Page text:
Plant of the month: Oct. 2016

One out of the boxes

The Plant of the Month for October 2016 is Eucalyptus porosa F.Muell. ex Miq. (mallee box), the dominant eucalypt in DEWNR’s Park of the Month, Cobbler Creek Recreation Park.

Mallee box, Eucalyptus porosa, dominates the hillsides of Cobbler Creek Recreation Park, with red gum, E. camaldulensis, growing along the creekline. Photo: Peripitus (CC BY-SA 4.0) from Wikipedia.

Mallee box is part box (a general name for a Eucalypt with rough flaky bark) and part mallee due to its well-developed lignotuber and frequent multi-stemmed habit. Under optimal conditions though, it is often a single-trunked, rather twisty and spreading tree. Mallee box can be distinguished from other boxes in SA by the colour of its foliage: a fresh “yellow-ochre green” rather than grey-green.

Eucalyptus porosa foliage. Photo: Clive M. Chesson.

Eucalyptus porosa mostly occurs within South Australia, and although sometimes overlooked, it is a very characteristic feature of many of our landscapes, particularly on the sheet limestone soils of Eyre and Yorke Peninsulas. It also grows in clay-loam depressions in the Murray Mallee and upper South-East regions, on rocky hillslopes in the Flinders Ranges, and confined along drainage lines in more arid areas. In the Adelaide region it is localized on dryer sites of the hills-face escarpment from Cobblers Creek to Skye and further south near Marino. Several remnant trees also persist on the edge of Adelaide city in the West Terrace Cemetery.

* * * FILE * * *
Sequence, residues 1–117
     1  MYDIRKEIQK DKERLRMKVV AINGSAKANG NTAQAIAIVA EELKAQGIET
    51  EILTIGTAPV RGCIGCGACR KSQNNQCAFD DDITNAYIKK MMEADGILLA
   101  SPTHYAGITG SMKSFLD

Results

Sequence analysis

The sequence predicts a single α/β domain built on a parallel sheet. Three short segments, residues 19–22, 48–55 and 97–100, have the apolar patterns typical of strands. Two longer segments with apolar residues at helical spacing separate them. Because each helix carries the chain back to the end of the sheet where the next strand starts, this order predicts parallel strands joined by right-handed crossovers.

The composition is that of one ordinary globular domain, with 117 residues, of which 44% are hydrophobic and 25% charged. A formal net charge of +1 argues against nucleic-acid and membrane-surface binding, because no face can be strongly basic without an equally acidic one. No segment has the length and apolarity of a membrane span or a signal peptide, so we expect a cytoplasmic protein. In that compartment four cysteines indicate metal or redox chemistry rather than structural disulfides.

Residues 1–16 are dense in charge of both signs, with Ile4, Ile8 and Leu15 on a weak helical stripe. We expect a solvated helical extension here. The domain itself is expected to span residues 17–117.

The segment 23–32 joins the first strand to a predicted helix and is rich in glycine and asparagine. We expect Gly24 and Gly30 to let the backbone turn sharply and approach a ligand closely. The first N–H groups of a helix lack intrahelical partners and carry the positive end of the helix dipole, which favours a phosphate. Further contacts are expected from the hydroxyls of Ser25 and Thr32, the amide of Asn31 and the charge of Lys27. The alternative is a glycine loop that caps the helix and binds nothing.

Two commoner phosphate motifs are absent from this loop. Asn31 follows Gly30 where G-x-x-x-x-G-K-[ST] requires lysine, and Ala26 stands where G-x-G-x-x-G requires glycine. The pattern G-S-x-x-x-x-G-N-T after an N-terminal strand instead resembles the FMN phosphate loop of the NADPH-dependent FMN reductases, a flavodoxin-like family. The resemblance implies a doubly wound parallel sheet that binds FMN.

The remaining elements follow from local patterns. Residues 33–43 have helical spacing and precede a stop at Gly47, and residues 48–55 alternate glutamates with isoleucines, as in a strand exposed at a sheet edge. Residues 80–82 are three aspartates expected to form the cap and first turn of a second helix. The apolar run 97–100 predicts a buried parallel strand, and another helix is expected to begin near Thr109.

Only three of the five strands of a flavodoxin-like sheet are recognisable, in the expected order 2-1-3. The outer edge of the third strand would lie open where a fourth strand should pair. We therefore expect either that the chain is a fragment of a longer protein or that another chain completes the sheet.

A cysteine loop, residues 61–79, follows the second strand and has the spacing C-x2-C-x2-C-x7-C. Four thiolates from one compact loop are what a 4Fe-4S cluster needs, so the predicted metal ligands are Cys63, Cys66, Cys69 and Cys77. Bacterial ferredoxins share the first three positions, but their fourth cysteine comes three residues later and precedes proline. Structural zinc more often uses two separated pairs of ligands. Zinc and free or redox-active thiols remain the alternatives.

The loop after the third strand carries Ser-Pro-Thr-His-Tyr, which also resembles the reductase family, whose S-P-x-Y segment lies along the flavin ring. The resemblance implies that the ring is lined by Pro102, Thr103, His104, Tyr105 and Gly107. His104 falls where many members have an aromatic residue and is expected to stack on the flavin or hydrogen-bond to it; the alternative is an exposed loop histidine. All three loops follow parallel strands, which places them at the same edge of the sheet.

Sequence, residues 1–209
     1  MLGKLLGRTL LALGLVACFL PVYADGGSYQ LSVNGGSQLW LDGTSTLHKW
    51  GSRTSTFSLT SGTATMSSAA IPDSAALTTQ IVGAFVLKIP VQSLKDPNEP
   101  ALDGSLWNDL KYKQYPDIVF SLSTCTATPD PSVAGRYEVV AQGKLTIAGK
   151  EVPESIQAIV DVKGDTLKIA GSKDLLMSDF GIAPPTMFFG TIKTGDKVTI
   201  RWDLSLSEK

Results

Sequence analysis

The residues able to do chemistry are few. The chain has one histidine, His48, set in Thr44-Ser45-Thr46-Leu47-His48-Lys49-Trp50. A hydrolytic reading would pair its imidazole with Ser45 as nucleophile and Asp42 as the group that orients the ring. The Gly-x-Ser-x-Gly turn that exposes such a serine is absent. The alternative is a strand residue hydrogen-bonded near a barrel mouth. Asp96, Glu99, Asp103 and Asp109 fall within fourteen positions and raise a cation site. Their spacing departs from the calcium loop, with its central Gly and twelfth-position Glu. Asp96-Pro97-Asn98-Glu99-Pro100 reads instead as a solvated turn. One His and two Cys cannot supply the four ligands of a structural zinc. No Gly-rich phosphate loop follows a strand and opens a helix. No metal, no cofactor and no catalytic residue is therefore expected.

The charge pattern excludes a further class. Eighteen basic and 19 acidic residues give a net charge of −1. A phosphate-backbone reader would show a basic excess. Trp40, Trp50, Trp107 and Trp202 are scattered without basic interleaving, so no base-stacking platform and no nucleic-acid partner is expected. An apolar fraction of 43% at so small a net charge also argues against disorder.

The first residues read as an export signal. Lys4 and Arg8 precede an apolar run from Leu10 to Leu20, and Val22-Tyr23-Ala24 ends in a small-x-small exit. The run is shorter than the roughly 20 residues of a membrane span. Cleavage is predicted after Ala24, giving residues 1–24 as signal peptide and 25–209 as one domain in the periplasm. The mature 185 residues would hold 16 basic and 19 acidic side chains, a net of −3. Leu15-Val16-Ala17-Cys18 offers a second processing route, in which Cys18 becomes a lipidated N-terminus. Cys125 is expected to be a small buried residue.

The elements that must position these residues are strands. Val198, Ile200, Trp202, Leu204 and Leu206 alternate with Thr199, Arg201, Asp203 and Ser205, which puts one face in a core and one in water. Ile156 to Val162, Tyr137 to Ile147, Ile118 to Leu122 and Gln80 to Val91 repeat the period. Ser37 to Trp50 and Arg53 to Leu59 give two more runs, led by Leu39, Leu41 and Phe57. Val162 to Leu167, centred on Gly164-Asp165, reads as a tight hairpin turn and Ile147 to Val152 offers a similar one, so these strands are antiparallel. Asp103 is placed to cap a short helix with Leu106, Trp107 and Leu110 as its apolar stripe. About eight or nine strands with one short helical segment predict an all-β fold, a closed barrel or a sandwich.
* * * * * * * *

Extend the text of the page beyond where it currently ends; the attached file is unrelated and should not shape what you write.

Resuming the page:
Eucalyptus porosa flowers, buds and fruit. Photo: Clive M. Chesson

The variety of its habitats has probably contributed to the plethora of common names: mallee box, black (or South Australian) mallee box, water (or Quorn or lerp) mallee and swamp box.

Brooker (2000) classified Eucalyptus porosa as being closely related to other boxes such as peppermint box (Eucalyptus odorata) and grey box (E. microcarpa). However, recent unpublished molecular studies by Herbarium Molecular Botanist Ed Biffin show that it is most closely related to the South Australian blue gum (E. leucoxylon) in a different group comprising species that are remarkably diverse in their bark type – smooth-barked gums, boxes and ironbarks. Significantly, hybrids between E. porosa and E. leucoxylon are frequently encountered.

Descriptions of these and other South Australian eucalypts are available in the new Flora of South Australia (5th edition) eucalypt treatment (32MB pdf file) by Dean Nicolle.

Contributed by State Herbarium botanists Peter J. Lang.